“Matt showed up with a .300 WSM, way more gun than any neophyte shooter has business shooting . . . There he was out there on the prairie — a small and puny kid with a thousand-dollar rifle that just wanted to kill something for the sake of killing it,” Schwaiger said, adding later: “Matt was damaged goods, but not so visibly so that he couldn’t get into the Army, get into law school, pass the bar exam, get a letter of moral character and fitness from the university, and be a licensed attorney.”

Riehl was deployed to the Middle East in 2009 as a member of the Wyoming Army National Guard, spokesman Kurt M. Rauschenberg said. He was honorably discharged in 2012 and had been a member of the Army Reserves before joining the National Guard.

Riehl had been known to law enforcement since at least the year before his deployment. Police Chief Mike Samp, of the University of Wyoming’s police department, said Riehl was investigated for harassment in 2008, though details were unclear and charges were never filed.

Campus police would hear about Riehl again seven years after he graduated. Police found out last October that Riehl had been posting vulgar messages about professors and making veiled threats on social media, Samp said. The threats were too vague to warrant any charges, but school officials saw him as a potential threat. Students, faculty and staff received a warning to be on the lookout for Reihl, said university spokesman Chad Baldwin.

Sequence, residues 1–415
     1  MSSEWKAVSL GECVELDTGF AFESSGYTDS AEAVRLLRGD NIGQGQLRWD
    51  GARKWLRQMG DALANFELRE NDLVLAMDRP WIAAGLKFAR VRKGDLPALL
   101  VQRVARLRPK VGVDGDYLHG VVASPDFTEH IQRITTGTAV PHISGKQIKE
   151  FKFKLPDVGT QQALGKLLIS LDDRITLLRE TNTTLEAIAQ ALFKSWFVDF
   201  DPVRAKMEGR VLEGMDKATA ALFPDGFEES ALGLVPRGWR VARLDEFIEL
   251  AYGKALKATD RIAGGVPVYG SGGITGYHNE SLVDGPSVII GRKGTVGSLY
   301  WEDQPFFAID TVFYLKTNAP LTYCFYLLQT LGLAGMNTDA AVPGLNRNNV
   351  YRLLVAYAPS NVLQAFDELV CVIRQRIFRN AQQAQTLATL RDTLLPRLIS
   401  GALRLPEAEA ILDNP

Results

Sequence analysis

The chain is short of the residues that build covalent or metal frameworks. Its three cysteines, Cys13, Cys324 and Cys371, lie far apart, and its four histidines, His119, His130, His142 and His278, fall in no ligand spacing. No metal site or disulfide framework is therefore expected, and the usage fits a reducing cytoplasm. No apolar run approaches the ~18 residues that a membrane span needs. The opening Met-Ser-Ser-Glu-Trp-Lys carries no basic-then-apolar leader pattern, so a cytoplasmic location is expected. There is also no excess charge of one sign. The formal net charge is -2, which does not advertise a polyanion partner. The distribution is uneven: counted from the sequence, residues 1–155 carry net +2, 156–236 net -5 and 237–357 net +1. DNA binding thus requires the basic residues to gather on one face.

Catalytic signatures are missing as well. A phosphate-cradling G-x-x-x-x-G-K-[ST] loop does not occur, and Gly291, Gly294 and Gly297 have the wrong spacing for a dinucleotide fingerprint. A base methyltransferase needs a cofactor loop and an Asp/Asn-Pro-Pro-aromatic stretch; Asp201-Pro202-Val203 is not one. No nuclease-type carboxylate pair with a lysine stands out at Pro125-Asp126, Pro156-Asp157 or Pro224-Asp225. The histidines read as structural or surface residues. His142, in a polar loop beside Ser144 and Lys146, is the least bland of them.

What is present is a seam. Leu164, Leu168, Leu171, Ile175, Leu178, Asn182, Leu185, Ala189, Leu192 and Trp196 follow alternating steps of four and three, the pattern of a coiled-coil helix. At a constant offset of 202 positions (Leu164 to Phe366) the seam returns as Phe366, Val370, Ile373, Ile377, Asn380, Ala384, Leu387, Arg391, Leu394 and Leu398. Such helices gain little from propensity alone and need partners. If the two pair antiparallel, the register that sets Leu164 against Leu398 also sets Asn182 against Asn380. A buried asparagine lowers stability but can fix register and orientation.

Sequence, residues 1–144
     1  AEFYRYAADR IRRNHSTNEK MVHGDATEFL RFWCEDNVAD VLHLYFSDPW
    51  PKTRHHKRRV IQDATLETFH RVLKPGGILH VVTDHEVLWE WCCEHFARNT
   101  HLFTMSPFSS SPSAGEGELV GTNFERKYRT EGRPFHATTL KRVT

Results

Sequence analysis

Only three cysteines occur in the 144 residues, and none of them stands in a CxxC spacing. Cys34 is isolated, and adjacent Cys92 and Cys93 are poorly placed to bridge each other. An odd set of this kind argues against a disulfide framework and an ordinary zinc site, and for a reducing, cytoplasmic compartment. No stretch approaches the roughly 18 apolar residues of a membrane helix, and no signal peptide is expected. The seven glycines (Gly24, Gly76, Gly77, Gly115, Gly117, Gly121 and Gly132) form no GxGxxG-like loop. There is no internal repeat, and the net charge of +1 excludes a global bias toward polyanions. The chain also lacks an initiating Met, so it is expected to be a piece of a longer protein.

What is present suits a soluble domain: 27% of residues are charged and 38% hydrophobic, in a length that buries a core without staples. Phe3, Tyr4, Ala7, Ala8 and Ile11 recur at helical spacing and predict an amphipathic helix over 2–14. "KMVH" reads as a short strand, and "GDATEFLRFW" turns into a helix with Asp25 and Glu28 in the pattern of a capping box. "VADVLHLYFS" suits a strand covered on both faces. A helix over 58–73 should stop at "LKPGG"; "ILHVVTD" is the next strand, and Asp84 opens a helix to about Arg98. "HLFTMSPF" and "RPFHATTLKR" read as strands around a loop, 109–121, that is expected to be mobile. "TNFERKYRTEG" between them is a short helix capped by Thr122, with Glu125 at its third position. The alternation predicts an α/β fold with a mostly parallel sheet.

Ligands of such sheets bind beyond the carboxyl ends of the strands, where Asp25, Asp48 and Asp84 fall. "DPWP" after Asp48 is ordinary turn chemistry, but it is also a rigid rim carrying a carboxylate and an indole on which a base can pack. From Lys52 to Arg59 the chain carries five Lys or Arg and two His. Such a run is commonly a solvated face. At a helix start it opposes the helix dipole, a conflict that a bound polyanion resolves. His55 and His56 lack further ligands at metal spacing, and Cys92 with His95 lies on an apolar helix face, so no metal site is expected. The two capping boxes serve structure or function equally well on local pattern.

“We did provide extra security staff for a brief period of time until we were able to determine where he was physically residing,” Samp said.


Grace Parrish, left, is embraced as family, friends, and community attend a remembrance and candlelight vigil for her husband, Deputy Zackari Parrish, at Mission Hills Church in Littleton, Colo., on Monday. (Dougal Brownlie/Gazette via AP)

In the weeks leading up to the shooting, Riehl had been making nonsensical ramblings and anti-police comments on YouTube.

The police department in Lone Tree, just east of Highlands Ranch, Colo., where the shooting occurred, said Riehl sent harassing emails to police officers after he was pulled over and ticketed for speeding in November. Riehl complained he was unjustly treated and asked for body camera footage of the traffic stop, said Sgt. Tim Beals, a police spokesman.

Riehl also posted the videos on YouTube and called the officer who ticketed him “dirty.”

In one YouTube video posted in December, Riehl, wearing a military hat, said he’s running to be sheriff of Douglas County and insulted Sheriff Tony Spurlock and one of his deputies.